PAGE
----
Proper rigs

As you can tell by now this type of fishing doesn’t need light gear! Put away those 4x14 rigs and No 3 elastics, you’ll need serious kit to deal with the conditions and for the decent stamp of fish you’ll be catching. I’ll deal with rigs first before moving onto elastics. Floats are the first consideration and anything under 1.5g will be pretty much useless in powerful flows. Nearer 3g would be a good starting point simply to give you a float that you can control properly and present the bait well under although it is rare that you’d need to fish a float over this weight in the UK unless conditions were extreme – then you’re into lollipop float territory! What is important is to make sure your float has a wire stem, which is vital for stability and control. Wire-stemmed floats also ‘stand up’ quickly once in the water which means you’re not waiting for the float to cock and they also cut through the water cleaner and don’t tangle. The best shape of body for river fishing is a dumpy pear shape and I’ve still not found a float better than the Tubertini Dark Line for this. In terms of size, this needs matching to the depth and pace of the swim and by and large for a river in normal condition, a 1.5g float will be fine for running through the swim, upping that to 2.5g or even 3g for if I plan to fish with the bait slowed down to a virtual standstill.

Rig one – running it through

Two set-ups pretty much cover most river situations and they’re

Rig two – stability

When there’s extra water on the river you might need to slow the bait down over the groundbait and this is the rig to do the job. Set the rig overdepth by roughly the length of the float bristle (around two inches) and lay the rig in downstream as you’re always taught to do. This will put the bait on the bottom facing the right way but it is crucial to keep the pole low to the water to prevent the float being pulled upwards out of the water by a gust of wind, thereby lifting the bait off bottom. This rig is also slightly overshotted to provide weight to tackle the flow – you’re not running this rig, more inching it a bit at a time over a specific part of the peg, aiming to get a bite at the back end of the feed area.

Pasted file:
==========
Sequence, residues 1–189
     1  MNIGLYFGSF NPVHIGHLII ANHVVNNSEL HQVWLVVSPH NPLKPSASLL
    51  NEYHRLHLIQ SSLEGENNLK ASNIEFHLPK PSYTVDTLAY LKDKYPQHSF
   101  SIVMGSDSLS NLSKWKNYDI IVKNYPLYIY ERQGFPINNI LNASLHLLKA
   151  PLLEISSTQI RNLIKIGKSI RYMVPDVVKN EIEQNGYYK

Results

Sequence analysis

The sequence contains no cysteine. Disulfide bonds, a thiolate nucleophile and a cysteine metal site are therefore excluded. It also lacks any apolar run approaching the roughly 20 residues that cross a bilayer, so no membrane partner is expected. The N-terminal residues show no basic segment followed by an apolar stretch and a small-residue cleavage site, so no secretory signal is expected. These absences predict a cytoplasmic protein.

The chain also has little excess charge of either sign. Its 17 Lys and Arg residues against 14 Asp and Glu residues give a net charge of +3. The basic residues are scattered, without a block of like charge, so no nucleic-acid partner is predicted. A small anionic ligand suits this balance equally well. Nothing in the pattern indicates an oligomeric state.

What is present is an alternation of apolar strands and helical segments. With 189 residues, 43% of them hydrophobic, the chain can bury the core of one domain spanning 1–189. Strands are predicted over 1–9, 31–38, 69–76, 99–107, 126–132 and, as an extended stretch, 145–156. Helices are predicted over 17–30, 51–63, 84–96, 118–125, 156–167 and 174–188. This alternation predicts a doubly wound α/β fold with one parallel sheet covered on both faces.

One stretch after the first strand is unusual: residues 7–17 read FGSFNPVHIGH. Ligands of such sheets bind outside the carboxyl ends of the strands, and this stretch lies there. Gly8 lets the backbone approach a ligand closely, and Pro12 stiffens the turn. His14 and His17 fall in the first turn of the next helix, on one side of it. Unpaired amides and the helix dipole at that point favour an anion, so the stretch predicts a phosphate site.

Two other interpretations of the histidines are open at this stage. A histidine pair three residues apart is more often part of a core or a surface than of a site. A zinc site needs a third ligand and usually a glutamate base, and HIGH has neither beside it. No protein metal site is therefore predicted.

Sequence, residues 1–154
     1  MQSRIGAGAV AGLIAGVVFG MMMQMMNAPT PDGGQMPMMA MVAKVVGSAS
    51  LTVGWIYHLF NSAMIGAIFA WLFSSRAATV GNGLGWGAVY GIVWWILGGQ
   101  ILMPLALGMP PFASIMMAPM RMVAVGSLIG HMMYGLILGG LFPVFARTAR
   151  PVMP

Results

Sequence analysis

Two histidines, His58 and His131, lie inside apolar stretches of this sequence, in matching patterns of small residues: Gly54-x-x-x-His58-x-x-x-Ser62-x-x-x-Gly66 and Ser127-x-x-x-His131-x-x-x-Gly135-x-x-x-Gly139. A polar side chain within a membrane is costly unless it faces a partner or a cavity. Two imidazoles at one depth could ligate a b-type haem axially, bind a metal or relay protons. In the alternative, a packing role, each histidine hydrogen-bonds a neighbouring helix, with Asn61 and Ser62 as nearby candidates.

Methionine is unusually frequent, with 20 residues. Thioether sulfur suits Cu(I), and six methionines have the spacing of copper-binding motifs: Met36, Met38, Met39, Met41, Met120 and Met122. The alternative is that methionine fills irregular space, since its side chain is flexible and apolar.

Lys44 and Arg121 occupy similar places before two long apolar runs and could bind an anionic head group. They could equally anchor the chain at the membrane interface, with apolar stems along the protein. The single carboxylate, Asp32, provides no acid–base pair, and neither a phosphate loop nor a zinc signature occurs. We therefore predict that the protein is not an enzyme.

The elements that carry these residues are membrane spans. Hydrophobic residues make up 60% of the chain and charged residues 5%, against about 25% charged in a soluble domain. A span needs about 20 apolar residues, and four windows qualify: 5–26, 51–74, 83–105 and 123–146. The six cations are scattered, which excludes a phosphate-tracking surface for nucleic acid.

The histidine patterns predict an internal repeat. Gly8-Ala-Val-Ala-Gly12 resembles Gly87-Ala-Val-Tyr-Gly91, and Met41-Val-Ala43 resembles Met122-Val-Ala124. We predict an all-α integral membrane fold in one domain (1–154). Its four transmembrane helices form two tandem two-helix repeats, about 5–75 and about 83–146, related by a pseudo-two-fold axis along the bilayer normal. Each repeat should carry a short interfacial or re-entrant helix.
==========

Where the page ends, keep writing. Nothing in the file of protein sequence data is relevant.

TECH SPEC Daiwa Tournament Airity pole kLength: 16m kFull Package price: RRP £4,999, SSP £2,999 Pole only price: 16m RRP £3999, SSP £2500 includes Phex extension kWeight: 1390g at 16m kRecommended elastics: 16/20

Elastics

This is an area that I’ve been experimenting in lately but using Hydrolastic as opposed to normal solid latex. Where bream and skimmers or big roach are about the pink or blue grades set very soft through a top-2 have proved perfect but I feel they’re a little too beefy for small roach.

Faced with those fish I’d revert to a solid No 5 latex through a top-3. I also fit a Pulla Bung into my top kits as this gives you an extra 18 inches of elastic instead of the wastage that comes when you have a bung wedged well down the pole section!

A good workout for the Airity.

Lines and hooks

In coloured water I have no worries about fishing with thick lines and big hooks, especially if skimmers or hard-fighting hybrids are about. Ten inch hooklengths can be around 0.10 or 0.12mm with 0.15mm mainline which when you consider how much shot is on the line and the depth of water that you’re striking in makes sense. For the same reason a decent hook is needed. I’m a big fan of the Kamasan B511 pattern if only roach are on the menu. If there’s the chance of a perch or skimmer though, I find them a little too springy. The Kamasan B711 is much better in sizes 17, 19 or 21 depending on the size of hookbait I’m using. While we’re talking about hookbaits, maggots and pinkies UKMATCH MAGAZINE

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are fine but in coloured water I’d always want some fluorescent baits with me as they stand out better in the murky conditions. Worm is also worth a go as a change bait from time to time. For distance between float and pole tip, there’s no need to go mad. You’re not fishing these rigs like you would on a whip so around a metre of line for the overdepth rig and two metres for the running rig is fine and the reason is simple. Because you’ve balled in groundbait, very little feed will end up down the peg so there’s no point in wasting time running the float all the way to the downstream limit of the swim.

19 FEBRUARY 22ND 2011 14/2/11 07:52:24


UKM live test/ Daiwa Airity pole Know what you’re throwing in - it really does make a difference in winter! When faced with a proper river of substantial depth and pace, there’s only one sensible way of feeding and that’s groundbait! Swims up to 5ft deep might allow you to loosefeed hemp or caster successfully but where there’s over 10ft of water, as was the case at Ely, balling it would be the order of the day, especially given the colour and speed of the water. My job would be to feed a mix that would get to the bottom in double quick time and stay there, creating one spot for the